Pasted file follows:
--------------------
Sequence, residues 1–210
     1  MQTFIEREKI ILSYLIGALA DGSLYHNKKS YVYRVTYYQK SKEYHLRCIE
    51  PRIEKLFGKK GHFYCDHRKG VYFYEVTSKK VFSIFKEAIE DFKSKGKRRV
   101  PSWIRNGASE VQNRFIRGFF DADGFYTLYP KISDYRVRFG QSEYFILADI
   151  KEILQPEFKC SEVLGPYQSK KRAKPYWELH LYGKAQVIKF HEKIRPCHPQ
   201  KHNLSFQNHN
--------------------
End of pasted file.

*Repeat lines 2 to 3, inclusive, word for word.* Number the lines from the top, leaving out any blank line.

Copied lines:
     1  MQTFIEREKI ILSYLIGALA DGSLYHNKKS YVYRVTYYQK SKEYHLRCIE
    51  PRIEKLFGKK GHFYCDHRKG VYFYEVTSKK VFSIFKEAIE DFKSKGKRRV